In This Article
While the concept of a post-workout polar plunge might not be appealing to everyone, an ice bath can be a game-changing post-workout recovery tool that anyone can take advantage of. “Plunging a single limb—or the whole body—into a tub of cold water for 10-15 minutes, is becoming an increasingly popular ritual for athletes as well as hardcore exercisers,” Elizabeth Gardner, MD, Yale Medicine sports medicine doctor and Assistant Professor of Orthopaedic Surgery at Yale School of Medicine, tells Byrdie.
Ice baths, also referred to as cold water immersion or cold hydrotherapy, are a form of cryotherapy but not nearly as extreme. While cryotherapy treatments involve exposure to temperatures below negative 200, ice baths aren’t quite as arctic. Gardner explains that the recommended water temperature for an ice bath is actually 50-60 degrees Fahrenheit—still cold enough to chill out your body, but not literally to the point of freezing.
Meet the Expert
- Elizabeth Gardner, MD is a Yale Medicine sports medicine doctor and Assistant Professor of Orthopaedic Surgery at Yale School of Medicine.
- Dan Bowen, NPTI, NASM, is a personal Trainer and owner of Philadelphia’s Hit Fitness.
When Should You Take An Ice Bath?
Before you hop in an ice bath, keep in mind that timing is crucial. So, when is the best time to immerse yourself in cold water? “Right after your workout,” Bowen maintains, “This is when your muscles are screaming to get cooled, and the healing can happen. If you wait too long, the process has already started.”
How Long Should You Stay In?
Gardner warns not to stay in an ice bath too long, or you should experience the potential downsides. “It is important to not stay in the ice bath for more than 15 minutes due to the risk of hypothermia and frostbite,” she warns, “If you notice that your skin is changing colors, then it is important to get out.”
While many professional athletes, bodybuilders, and physical fitness aficionados support ice baths as an effective recovery tool, “the hard evidence is mixed,” Gardner admits. However, she does maintain that there are several potential benefits of ice bath treatment.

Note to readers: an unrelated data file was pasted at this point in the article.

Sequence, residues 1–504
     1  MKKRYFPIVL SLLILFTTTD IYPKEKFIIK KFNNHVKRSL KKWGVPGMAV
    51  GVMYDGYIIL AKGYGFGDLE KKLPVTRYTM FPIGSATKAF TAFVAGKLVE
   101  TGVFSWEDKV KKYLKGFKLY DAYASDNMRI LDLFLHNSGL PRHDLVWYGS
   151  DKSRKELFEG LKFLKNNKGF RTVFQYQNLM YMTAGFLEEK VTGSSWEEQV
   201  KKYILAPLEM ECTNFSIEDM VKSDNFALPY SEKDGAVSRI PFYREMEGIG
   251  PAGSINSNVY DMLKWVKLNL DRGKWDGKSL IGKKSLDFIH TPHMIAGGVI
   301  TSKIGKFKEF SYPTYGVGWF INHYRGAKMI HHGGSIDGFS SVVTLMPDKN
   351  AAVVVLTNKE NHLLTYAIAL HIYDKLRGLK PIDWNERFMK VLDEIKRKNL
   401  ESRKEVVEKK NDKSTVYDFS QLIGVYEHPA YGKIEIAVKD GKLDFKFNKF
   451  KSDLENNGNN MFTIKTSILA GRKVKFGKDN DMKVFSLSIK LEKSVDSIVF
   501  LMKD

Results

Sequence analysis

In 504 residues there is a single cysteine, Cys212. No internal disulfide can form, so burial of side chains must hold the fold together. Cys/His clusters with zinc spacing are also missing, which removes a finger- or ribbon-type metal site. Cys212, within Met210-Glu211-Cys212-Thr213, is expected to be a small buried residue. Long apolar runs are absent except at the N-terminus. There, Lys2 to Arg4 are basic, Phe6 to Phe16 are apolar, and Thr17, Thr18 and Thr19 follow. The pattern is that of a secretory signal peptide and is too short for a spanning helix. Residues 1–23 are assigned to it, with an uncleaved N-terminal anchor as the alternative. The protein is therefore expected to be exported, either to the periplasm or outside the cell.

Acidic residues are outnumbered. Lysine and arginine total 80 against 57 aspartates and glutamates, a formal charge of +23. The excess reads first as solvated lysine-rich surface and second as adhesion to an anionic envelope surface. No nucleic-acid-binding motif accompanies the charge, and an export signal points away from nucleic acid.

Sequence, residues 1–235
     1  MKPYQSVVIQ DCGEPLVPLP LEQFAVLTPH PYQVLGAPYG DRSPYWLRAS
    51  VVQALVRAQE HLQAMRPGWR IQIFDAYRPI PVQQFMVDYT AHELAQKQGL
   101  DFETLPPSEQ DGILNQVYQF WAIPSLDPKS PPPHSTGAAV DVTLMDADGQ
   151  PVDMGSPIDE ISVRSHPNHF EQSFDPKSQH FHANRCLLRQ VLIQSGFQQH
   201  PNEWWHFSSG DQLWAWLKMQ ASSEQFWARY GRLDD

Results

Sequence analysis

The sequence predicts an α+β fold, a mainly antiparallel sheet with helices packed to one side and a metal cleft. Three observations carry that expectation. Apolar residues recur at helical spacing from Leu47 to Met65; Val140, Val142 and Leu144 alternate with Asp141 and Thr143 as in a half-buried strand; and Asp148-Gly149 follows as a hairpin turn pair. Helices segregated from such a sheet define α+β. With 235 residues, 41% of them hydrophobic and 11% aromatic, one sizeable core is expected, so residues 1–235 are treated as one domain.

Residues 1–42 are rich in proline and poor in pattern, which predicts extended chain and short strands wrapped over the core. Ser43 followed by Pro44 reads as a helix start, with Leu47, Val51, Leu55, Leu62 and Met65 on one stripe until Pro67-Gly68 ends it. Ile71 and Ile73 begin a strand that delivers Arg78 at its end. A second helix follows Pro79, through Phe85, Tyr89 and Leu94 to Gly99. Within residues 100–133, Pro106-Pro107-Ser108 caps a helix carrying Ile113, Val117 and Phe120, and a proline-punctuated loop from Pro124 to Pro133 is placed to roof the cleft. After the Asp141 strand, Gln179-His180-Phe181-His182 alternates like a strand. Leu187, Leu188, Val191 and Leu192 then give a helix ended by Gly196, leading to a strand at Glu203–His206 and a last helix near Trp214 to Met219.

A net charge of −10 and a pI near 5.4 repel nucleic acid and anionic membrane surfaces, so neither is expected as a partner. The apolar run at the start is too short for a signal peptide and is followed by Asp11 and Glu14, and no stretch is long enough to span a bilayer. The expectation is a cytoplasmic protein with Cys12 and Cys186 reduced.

Ice Baths Can Help Your Muscles Recover After a Hard Workout
Here’s how an ice bath works, according to Gardner: When you are exposed to cold water, your blood vessels constrict and get smaller. And when you get out of the water, the change in temperature causes them to rapidly re-open, which can help to flush the muscles' metabolic waste products. “This rapid dilation of the blood vessels also delivers much-needed oxygen and nutrients to the muscles, which in theory should help them to recover after a hard workout,” she points out.
They Can Prevent Muscle Soreness
Gardner also points to evidence that immersion in an ice bath after intense exercise can reduce the onset of delayed muscle soreness compared to basic rest. “This is thought to occur by decreasing inflammation,” she explains.
They Can Help Cool Your Body Down
One of the more obvious benefits of an ice bath? It will help your body cool down fast. One study published in the Journal of Athletic Training found that taking a cold shower (very similar to an ice bath) can help relieve exertional hyperthermia. At the same time, full immersion therapy was even more effective in reducing high body temperature.
They Can Boost Your Mental Health
Ice baths also offer potential mental health benefits. “Most people do not find the ice bath experience to be pleasant at first. In fact, it can be frankly painful,” says Dr. Gardner. “However, this improves with relaxing, focusing on your breathing, and even some distraction. Over time, many people will build up a tolerance for the cold and will come to find it an important part of their recovery process. “This resilience and adaptation have obvious applications elsewhere in exercise, sport, and life,” she points out.
They Can Improve Your Sleep
Dan Bowen, NPTI, NASM personal trainer and owner of Philadelphia’s Hit Fitness, explains that ice baths may help improve your sleep. The cold water can have a positive effect on the central nervous system, “which helps you sleep and feel better after spending ten to fifteen minutes in it,” he says.
They Can Reduce Risk of Injury
As Gardner pointed out, ice baths can assist with recovery and decrease soreness, which stimulates recovery. Bowen adds that this will help reduce your risk of injury.
They Can Help Prepare Your Body for the Next Workout
Additionally, Bowen points out that you are setting it up for future success by allowing your body to recover. “This allows you to be better prepared for the next workout, which can be of higher quality.”
They Help Can Boost Your Immunity
There is some scientific evidence that ice baths work as an immunity booster. One 2016 study published in the journal PLoS One found that people who take cold showers are almost 30 percent less likely to call in sick for work or school.
Butts CL, McDermott BP, Buening BJ, et al. Physiologic and Perceptual Responses to Cold-Shower Cooling After Exercise-Induced Hyperthermia. J Athl Train. 2016;51(3):252-257. doi:10.4085/1062-6050-51.4.01
Buijze GA, Sierevelt IN, van der Heijden BC, Dijkgraaf MG, Frings-Dresen MH. The Effect of Cold Showering on Health and Work: A Randomized Controlled Trial. PLoS One. 2016;11(9):e0161749. doi:10.1371/journal.pone.0161749